Governments are constantly confronted by the need to reform their healthcare systems. To facilitate this process, principles for doing so were outlined in the 2000 WHO Report, Health systems: improving performance.
Last year, the Canadian Government received the report of the Commission on the Future of Health Care in Canada, Building on values: the future of health care in Canada. The Commission put forward 43 proposals "to ensure over the long term the sustainability of a universally accessible, publicly funded health system, that offers quality services to Canadians and strikes an appropriate balance between ... prevention and health maintenance and ... care and treatment."
In Australia, any major overhaul of healthcare is a political minefield, but incremental change is tolerated. The recent report to the Australian Health Ministers' Conference addressed no fewer than nine isolated health issues, including: hospital funding and private health insurance, the interface between aged and acute care and the continuum between preventive primary and chronic models of care. In total, there were 153 recommendations!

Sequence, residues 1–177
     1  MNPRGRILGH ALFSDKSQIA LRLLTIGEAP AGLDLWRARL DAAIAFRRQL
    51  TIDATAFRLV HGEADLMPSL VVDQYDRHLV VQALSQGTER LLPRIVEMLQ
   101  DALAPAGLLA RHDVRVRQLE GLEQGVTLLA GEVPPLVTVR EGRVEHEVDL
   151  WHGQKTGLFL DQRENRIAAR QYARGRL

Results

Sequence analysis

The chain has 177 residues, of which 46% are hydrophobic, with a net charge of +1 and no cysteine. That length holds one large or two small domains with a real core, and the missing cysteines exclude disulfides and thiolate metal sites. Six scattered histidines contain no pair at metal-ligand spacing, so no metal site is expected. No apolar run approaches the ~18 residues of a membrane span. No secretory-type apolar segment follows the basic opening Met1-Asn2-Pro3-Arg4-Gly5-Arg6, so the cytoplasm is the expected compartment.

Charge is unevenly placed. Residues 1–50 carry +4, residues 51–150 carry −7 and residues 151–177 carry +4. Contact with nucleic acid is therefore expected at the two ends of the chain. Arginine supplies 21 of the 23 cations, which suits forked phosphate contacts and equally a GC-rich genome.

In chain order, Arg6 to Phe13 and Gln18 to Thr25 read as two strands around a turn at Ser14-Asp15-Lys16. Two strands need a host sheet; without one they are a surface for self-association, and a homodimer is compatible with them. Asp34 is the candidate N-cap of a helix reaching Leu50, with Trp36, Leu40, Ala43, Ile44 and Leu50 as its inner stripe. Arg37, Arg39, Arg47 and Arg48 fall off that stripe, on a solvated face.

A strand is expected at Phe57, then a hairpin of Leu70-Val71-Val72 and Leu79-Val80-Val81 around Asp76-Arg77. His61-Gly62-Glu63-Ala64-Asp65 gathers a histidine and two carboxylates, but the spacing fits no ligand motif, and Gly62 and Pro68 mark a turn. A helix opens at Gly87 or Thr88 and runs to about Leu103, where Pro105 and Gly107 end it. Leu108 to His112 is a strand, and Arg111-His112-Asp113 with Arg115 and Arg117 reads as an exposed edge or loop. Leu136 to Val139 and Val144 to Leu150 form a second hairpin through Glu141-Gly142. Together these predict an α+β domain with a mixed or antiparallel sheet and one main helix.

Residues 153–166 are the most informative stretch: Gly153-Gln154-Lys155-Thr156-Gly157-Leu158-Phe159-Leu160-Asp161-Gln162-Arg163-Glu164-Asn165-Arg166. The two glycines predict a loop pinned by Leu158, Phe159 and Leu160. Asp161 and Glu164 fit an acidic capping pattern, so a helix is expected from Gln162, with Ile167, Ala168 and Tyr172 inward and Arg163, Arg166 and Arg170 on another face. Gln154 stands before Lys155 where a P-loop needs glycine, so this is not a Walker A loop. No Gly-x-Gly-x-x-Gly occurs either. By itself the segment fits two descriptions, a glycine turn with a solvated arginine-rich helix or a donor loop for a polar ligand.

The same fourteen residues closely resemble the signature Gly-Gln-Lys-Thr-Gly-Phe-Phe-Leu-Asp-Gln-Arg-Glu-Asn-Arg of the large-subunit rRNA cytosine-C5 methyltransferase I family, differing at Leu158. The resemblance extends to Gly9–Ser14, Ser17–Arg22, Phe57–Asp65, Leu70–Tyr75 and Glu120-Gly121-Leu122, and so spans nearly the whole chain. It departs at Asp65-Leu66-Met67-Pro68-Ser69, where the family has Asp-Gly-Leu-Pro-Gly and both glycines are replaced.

But how can we evaluate such proposals?
A decade ago, George Lundberg, the then editor of JAMA, proposed a nine-question scorecard to test reform proposals. Does the proposal: provide access for all to basic care?; produce real cost control?; promote continuing quality?; limit professional liability?; reduce administrative hassle?; retain patient and physician autonomy?; consider long term care?; encourage primary care?; enhance disease prevention?; and possess staying power after five,10 or 20 years? Each item is scored 0 to 9. A score of 99 indicates the perfect proposal; those that score below 45 deserve to be binned.
Today, it is reasonable to think that proposals for healthcare reform which fail to score adequately are tantamount to political negligence.
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